Review: THE INHERITANCE 2 (Dědictví aneb kurvaseneříká) Packs A Social Satire In A Time Capsule

The year 2014 is certainly the year of sequels for Czech cinema. 

A beloved cult film, The Inheritance or Fuckoffguysgoodday, got a sequel (and several others are getting ready for a release), an event that only few would say will come true. When in 1992, Věra Chytilová, a prominent figure of the so-called Czech New Wave, made a film about a village drunkard-cum-millionaire, a lot of people thought she went out of her mind and that the bar of bad taste could not be dropped any lower. The contrary is the case, and over time, the film entered into the treasure chest of Czech films, gathered a great deal of fans and proved to be ahead of its era. Chytilová got the last laugh. 

In 2014, when she was 85 years old and on a filmmaking retreat since 2006, a director of a new generation was entrusted to continue in her legacy. Bolek Polívka, the memorable protagonist of the film and the author of the screenplay, took a second shot on both, becoming the infamous Bohumil Stejskal for one last time and the person responsible for penning the new adventure. 

Many quotes from the first film became more and more popular over the years and the same goes for Polívka´s histrionic drunken clowning. The Inheritance vividly illustrated how political and economical events can not only spoil peoples´ characters, but also shape them on the oddball example of a simple village worker obtaining wads of cash (and some estates) without earning them in the traditional fashion. It was guaranteed amusement, as well as a sad prophecy underneath. 

Robert Sedláček was commissioned to direct the film. His low-key satire Long Live the Family must have persuaded the producers that this man would know how to handle a sequel to a national treasure adequately. The Inheritance 2 follows the same conceptual formula, albeit 20 years later. 

The opening scene (after a long flyover, à la The Shining) is very typical: a burial. Bohumil´s wife (played by the late wife of Czech president Václav Havel) has died. The screenwriter, Polívka or his screen alter-ego Bohumil, did not wait long to throw in the first reference in Chytilová´s direction. The sequel is brimming with many references, or winking, to fans, somewhat assuring viewers about the legitimacy of the sequel by continuous intertextual toying. While some puns bear the quality of nostalgic reminiscent, others feel abundant and forced, wedged into the film for the sake of its cult status. (For example, a meeting with gold-voiced Karel Gott). 

The source of all fun and bantering stems from the heavily intoxicated protagonist reciting pearls of wisdom in the pose of local souse. The first information that steers the audience into a grey area is that Bohumil has been sober since his grandson´s birth, this fact incongruous with the iconic figure of Bohumil Stejskal. The status is short-lived because, soon after the funeral, he starts to fall into his old habits about his longtime friend, a bottle.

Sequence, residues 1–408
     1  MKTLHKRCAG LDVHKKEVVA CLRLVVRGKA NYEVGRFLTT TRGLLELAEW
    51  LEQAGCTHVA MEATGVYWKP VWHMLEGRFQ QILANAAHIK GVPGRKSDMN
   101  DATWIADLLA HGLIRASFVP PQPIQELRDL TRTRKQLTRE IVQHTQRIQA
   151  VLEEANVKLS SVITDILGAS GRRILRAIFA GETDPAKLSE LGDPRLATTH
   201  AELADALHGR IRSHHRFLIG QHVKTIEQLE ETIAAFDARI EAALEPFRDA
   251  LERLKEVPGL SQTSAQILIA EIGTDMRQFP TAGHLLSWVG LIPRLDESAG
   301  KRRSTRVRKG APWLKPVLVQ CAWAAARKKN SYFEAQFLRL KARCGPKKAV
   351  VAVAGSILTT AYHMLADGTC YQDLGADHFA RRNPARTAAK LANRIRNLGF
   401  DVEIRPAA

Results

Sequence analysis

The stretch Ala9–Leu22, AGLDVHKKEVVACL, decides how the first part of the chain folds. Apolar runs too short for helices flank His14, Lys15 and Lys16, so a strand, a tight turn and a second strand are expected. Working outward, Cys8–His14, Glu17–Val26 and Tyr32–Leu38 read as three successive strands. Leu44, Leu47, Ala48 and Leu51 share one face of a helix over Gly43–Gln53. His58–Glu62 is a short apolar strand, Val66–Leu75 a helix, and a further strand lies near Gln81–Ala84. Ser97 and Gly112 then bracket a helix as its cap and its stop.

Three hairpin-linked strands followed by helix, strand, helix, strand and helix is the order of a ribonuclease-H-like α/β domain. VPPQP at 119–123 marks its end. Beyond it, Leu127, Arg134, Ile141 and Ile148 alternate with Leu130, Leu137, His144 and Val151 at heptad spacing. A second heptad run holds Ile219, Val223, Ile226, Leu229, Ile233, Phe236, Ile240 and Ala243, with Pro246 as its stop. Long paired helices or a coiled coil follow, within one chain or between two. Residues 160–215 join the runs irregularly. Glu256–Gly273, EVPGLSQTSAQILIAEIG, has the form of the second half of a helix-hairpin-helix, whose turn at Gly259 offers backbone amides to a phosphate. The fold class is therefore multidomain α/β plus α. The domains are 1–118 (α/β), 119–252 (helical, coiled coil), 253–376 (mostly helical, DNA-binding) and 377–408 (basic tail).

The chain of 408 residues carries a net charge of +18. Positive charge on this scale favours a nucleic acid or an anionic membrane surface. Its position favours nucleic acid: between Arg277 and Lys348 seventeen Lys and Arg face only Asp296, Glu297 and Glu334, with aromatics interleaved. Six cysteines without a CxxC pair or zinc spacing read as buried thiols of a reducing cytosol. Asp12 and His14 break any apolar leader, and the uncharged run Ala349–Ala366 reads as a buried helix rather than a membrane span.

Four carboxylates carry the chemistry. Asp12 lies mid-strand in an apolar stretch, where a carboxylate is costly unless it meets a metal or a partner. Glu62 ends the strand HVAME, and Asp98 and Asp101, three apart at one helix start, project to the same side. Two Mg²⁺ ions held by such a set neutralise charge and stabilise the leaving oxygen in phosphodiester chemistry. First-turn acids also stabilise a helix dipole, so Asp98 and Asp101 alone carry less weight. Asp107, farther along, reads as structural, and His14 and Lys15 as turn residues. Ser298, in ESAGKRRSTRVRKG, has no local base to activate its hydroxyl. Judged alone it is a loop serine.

The theme of parasiting on one´s wealth underlines the entire narrative. Although the first film dramatized the rise (and fall) of fellow countryman among his caste, Sedláček´s contribution adapts to current affairs. Not only wealthy people are trying to screw their own kind, but the filmmaker also fused the tinselled world of the media. The setting and plot development conveys similar zeitgeist values as its predecessor. 

The screenplay suffers the same disease as many recent Czech productions, mostly in the third act, when some scenes make sense, and pivotal figures appear without any foreshadowing or story logic whatsoever. The plot looks like a patchwork of distinct scenes glued together by leading leitmotif. 

It's more observational humor, rather than hilarious laugh out loud comedy, fairly inspired also by the life of the leading man. (Some viewers may not readily see the difference between the real life Bolek Polívka and his screen double Bohumil Stejskal). The jokes stroke the same chord as in 1992, mostly following the lead from the previous film. In some cases, Polívka clearly wrote the script on fumes, so he happened to get in the film gratuitous and very cheap laughs, gently undermining the good work he has achieved in putting together a sly satire. 

After 20 years, history repeated itself; critics hated the film, as well as the part of the audience coming to theatres with false expectations. The times have changed since the first film, so it would be silly to expect the very same package (and a bit anachronistic as well). 

However, history will repeat itself once again, when the film receives the full recognition it deserves in due time. In the case of this type of satire, distance only proves its worthiness, as we look back at it. Róbert Sedláček maxed out of what was left by the first film. 

There is certainly a limit in reviving this sort of cult figure, particularly when Chytilová already milked the best stuff. The Inheritance 2 has a legitimate raison d´etre and it is not an emptied narrative, despite some limp jokes, as some have said, and the weak writing might turn out to be prophetic when the time is ripe.
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